The history of the Earth system is a story of change. Some changes are gradual and benign, but others, especially those associated with catastrophic mass extinction, are relatively abrupt and destructive. It is generally agreed that the Earth system is complex and that this complex character must be appreciated when modelling it and taking decisions that may influence its evolution.
The Earth’s complexity resides in its causal organization, which is self-referential. The road to demonstrating that the Earth qualifies as a complex system thus passes through a consideration of the Gaia hypothesis: that the Earth is an instance of life and therefore an instance of biological organization at a planetary scale. The Earth system qualifies as a complex system because it instantiates autopoietic organization and therefore the closure to efficient causation at the planetary scale.
Throughout the history of the Earth there has been a molecular interdependence between the biosphere and atmosphere, and this is self-referential in the sense that the continuous metabolic fabrication of atmospheric molecular components takes place in the same domain which allows metabolism to continuously operate. The mutual specification of the atmosphere and the metabolic reaction network offer an explanatory account of a self-producing organization that amounts to a self-referential system on the planetary domain, thus a form of planetary autopoiesis.
Planetary-scale autopoietic organization takes place in the interdependence between the geo-hydro-metabolic network and the atmosphere (Earth’s semipermeable boundary), in the sense that the geo-hydro-metabolic reaction network produces the main components of the atmosphere, and the atmosphere specifies and allows the dynamics of the geo-hydro-biospheric metabolic network.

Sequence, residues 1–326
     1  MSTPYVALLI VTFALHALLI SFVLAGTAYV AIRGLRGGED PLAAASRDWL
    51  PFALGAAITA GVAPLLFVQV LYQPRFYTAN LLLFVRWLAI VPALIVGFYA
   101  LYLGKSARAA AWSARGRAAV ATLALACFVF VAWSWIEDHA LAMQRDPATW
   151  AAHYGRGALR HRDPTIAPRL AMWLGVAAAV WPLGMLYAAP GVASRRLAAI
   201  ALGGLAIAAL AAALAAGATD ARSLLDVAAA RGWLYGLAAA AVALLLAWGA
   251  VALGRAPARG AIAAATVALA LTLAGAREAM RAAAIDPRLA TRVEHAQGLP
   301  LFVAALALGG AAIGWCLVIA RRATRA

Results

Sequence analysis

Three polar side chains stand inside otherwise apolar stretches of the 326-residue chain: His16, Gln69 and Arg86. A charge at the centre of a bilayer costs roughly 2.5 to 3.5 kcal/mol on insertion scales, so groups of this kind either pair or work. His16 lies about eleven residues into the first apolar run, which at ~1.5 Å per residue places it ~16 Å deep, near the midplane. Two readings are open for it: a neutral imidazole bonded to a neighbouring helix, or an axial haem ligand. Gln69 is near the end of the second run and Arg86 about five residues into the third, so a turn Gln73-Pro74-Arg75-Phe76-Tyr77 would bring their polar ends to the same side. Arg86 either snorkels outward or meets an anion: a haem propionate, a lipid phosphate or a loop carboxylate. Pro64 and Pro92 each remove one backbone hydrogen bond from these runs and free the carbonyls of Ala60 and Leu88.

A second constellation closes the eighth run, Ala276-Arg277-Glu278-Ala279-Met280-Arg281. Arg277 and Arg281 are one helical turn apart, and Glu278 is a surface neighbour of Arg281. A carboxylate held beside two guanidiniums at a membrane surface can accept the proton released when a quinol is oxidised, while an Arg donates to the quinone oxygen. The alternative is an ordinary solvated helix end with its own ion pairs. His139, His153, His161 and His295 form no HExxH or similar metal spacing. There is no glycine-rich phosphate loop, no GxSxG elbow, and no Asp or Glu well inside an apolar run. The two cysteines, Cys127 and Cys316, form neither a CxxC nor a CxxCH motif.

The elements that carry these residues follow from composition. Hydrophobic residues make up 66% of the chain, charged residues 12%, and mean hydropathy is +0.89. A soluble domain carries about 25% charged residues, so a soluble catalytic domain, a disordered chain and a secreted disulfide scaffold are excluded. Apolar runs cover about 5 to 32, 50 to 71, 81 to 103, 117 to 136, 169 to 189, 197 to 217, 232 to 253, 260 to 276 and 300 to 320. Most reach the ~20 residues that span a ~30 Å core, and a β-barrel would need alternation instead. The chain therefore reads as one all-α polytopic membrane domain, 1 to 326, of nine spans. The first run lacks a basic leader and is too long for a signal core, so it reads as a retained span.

The co-evolutionary relationship between life and the atmosphere is a symbiotic relationship characteristic of all living systems. Biological evolution is as deeply indebted to community and cooperation as it is to competition. In symbiotic relationships, organisms evolve together in collaboration and depend on one another for their continued existence. Cooperation, learning, and regeneration are not only part of life’s evolutionary pattern; in our time of ecological crisis, they are the deepest qualities of nature we can consciously draw upon to create a vibrant world with a flourishing future.
From the perspective of modern biology, human bodies are complex ecological collectives consisting of 37 trillion human cells (themselves collectives formed by the microbial mergers) and 400 trillion microbes which together form symbiotic partnerships known as holobionts. Apart from the most basic microbes, bacteria and archaea, which are the only true biological singletons, all other organisms – protists, fungi, plants, and animals – are archaeal-bacterial mergers and thus composites. Absolute individuals do not exist above the level of single-cell prokaryotic microbes. On this understanding, life is an organic conglomerate of transient composite forms. By the same token, evolution is the process of the change of the composites.
Such interconnection and interaction puts a human worldview back into the community of life. No doubt, conflict between organisms exists, but an overall balance of interests (eco-homeostasis) is in the total interest of all life. In addition, ecology itself is a radical concept in that it requires of us all to live within the limits of nature and to live with all the other life forms that share this home we call the Earth.
The shallow interpretation of our world view is based on the mechanistic view of humans as separate from their environment, and the world as composed of discrete, atomistic entities.
The new era will be characterized by human intelligence that replicates the symbiotic and mutually reinforcing life-reproducing forms and processes found in living systems. Given that we have evolved as a species within the pre-existing evolutionary matrix, such intelligence lies within us as latent potential.
Only a transformative regenerative response to climate change, resource depletion, biodiversity loss, environmental degradation, and unsustainable inequality. Simply being sustainable is no longer enough!